Throughout the pandemic, the EU has provided both countries with PPE, financial aid and medical expertise. This has helped to boost relations with both Sarajevo and Chisinau. But, now that a global vaccine programme is getting underway, vaccines in Bosnia and Moldova are almost non-existent.

Public health is normally a national competence, something over which the EU has little involvement. Normally, it would not even concern itself with the public health affairs of two countries that are not even member states. However, Brussels asked the bloc’s members to, on this one, let it take charge. It argued that strength comes in numbers and that, as one, smaller members, like Malta and Estonia, would not miss out, nor would the poorest member: Bulgaria.

Brussels also promised to continue assisting both Bosnia and Moldova, as it was doing before any vaccines had been approved.

There may be widespread anger across the EU27 at the snail’s pace of distribution and the total lack of vaccines in some regions altogether. But Bosnia and Moldova have yet to receive a single dose at the time of writing (18 February). Sarajevo and Chisinau have placed their faith in Brussels. As of yet, Brussels has been unable to deliver on its promise. All the while, Bosnians and Moldovans are watching on as the peoples of the EU are (very slowly) vaccinated – and as the UK, Israel and the UAE run off into the sunset with their own programmes.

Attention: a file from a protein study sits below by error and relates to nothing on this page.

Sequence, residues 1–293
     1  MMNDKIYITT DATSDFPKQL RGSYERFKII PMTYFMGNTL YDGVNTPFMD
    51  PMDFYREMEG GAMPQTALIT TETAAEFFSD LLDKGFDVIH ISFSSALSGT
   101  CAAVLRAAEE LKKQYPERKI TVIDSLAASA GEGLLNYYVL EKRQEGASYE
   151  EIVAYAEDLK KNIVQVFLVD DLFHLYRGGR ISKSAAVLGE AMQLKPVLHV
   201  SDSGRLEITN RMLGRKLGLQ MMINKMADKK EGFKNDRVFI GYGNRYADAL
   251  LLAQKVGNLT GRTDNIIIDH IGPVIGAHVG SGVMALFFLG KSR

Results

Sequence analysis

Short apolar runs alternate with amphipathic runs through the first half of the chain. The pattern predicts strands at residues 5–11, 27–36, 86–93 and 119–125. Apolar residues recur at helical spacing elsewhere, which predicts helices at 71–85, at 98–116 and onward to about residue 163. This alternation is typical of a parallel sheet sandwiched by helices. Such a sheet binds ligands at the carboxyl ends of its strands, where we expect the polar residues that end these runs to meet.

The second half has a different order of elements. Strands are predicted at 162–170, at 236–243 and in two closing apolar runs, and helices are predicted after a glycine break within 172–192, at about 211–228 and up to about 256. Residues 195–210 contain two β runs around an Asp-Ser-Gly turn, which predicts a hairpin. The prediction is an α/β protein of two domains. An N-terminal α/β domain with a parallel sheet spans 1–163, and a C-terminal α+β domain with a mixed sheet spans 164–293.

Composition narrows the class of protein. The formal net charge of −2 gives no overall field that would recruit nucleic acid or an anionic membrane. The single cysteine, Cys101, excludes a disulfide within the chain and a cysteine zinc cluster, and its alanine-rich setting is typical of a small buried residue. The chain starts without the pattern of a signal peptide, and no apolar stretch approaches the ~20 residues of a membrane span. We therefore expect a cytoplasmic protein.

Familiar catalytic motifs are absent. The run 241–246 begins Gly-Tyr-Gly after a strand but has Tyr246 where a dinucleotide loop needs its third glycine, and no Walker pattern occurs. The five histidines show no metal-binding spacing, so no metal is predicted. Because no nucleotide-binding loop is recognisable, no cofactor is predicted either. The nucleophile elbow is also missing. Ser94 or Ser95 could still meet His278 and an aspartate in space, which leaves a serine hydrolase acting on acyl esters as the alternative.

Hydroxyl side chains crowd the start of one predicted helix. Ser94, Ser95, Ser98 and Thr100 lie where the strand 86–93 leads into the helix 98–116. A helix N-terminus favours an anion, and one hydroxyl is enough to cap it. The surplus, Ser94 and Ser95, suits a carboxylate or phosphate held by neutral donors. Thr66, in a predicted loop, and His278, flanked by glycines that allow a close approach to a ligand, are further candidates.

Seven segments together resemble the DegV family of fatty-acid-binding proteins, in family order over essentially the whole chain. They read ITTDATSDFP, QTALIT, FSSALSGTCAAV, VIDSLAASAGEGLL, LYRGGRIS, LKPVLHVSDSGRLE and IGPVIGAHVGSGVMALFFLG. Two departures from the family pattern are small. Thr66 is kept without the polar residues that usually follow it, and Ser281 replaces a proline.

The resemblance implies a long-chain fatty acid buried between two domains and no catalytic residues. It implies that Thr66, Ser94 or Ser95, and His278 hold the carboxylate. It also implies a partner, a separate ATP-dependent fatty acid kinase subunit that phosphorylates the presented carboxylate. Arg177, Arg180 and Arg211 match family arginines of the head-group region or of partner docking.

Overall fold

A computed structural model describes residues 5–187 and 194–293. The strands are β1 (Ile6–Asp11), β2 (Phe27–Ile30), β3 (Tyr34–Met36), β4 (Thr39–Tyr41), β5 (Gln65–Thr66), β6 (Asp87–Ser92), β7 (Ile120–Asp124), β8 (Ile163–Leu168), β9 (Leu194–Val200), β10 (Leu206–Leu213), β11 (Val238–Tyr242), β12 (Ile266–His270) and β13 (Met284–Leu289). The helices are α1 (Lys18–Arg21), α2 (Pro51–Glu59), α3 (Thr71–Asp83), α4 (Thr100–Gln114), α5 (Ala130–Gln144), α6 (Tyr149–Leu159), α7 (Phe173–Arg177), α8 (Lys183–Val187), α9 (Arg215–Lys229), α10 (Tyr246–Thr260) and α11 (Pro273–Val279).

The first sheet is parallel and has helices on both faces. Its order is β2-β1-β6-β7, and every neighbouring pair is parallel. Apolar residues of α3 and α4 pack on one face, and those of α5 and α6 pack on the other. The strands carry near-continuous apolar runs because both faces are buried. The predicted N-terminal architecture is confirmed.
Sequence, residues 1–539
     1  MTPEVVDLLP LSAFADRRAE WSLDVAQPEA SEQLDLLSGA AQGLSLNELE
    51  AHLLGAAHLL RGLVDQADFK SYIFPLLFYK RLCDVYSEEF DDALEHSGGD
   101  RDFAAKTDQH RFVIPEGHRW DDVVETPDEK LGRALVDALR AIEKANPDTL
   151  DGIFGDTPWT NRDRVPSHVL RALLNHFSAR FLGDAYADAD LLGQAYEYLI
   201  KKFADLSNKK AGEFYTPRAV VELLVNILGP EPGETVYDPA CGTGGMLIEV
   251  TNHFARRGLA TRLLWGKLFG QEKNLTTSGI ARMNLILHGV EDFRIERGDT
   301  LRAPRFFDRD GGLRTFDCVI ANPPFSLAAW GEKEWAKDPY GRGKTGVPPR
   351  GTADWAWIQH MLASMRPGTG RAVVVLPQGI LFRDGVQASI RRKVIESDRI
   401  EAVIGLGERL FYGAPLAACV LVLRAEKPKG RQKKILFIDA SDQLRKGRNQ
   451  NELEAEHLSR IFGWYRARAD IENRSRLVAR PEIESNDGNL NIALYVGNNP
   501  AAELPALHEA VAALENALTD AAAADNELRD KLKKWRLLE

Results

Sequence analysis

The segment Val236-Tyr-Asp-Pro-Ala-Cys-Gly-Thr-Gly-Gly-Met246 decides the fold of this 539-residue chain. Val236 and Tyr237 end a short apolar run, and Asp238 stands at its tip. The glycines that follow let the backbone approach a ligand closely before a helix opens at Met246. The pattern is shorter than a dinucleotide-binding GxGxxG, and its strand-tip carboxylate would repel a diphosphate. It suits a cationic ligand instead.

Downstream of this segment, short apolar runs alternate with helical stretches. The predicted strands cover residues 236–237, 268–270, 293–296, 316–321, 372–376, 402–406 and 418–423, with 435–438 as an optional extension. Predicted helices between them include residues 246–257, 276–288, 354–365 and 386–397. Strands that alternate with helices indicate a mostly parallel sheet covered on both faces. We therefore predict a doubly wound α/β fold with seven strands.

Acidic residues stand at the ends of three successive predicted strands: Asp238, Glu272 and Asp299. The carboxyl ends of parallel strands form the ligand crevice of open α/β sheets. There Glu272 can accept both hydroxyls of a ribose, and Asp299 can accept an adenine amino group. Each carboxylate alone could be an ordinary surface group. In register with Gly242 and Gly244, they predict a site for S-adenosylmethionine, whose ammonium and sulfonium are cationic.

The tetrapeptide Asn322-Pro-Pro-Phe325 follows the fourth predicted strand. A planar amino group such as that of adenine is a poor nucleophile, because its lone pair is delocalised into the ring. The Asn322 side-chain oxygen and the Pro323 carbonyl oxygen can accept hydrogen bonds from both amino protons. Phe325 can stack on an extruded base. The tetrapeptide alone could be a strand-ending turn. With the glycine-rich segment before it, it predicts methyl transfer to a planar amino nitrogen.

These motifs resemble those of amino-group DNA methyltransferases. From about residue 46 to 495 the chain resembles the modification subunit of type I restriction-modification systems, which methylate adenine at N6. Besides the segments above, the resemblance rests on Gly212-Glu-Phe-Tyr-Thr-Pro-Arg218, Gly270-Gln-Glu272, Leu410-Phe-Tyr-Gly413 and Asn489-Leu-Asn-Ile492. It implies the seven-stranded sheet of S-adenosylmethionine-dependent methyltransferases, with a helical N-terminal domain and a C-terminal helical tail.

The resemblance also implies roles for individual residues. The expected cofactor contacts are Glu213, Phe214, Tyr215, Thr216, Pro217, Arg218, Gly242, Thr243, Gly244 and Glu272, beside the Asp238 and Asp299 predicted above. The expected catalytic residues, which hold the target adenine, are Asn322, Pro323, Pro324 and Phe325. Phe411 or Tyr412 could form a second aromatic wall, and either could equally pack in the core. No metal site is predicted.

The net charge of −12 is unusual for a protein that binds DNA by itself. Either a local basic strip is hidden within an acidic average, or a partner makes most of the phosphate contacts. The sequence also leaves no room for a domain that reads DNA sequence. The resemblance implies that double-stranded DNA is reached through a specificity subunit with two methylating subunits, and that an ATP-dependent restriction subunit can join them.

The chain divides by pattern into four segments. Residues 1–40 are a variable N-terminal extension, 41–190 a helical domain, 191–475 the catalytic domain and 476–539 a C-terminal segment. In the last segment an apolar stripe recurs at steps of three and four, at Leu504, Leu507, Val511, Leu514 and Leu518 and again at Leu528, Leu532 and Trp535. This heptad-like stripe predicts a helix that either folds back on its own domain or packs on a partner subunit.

As of yet, there does not appear to be too much anger in either country. But in two of the least stable countries in Europe, groundswells can come strongly and suddenly.

The pandemic has battered the EU’s public image. It has spent the last few months beginning to rebuild this – and reconnect with voters across the bloc. But, for the first time in a long time, Brussels now must also deal with two messes of its own making: one to the west and one to the east. Quite what it will do to rectify these situations has yet to be seen. Some in Brussels might well be wondering if these cracks can ever be repaired – or whether the best the bloc can hope to do is merely paper over them.